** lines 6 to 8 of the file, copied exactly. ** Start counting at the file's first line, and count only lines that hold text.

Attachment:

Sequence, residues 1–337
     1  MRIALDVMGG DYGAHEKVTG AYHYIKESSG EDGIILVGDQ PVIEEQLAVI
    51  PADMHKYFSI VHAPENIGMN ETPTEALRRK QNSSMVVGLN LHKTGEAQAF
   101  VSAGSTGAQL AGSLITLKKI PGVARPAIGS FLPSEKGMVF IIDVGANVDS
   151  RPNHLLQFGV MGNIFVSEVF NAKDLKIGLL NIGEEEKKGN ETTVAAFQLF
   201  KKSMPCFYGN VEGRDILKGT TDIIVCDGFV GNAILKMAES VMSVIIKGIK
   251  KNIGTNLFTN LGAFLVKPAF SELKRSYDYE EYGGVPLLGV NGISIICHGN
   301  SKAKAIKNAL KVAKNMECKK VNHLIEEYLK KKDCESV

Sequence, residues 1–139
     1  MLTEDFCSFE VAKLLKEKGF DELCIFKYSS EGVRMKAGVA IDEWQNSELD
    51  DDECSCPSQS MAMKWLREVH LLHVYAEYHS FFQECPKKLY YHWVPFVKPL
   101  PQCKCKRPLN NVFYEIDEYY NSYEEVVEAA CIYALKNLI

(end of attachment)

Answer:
   201  KKSMPCFYGN VEGRDILKGT TDIIVCDGFV GNAILKMAES VMSVIIKGIK
   251  KNIGTNLFTN LGAFLVKPAF SELKRSYDYE EYGGVPLLGV NGISIICHGN
   301  SKAKAIKNAL KVAKNMECKK VNHLIEEYLK KKDCESV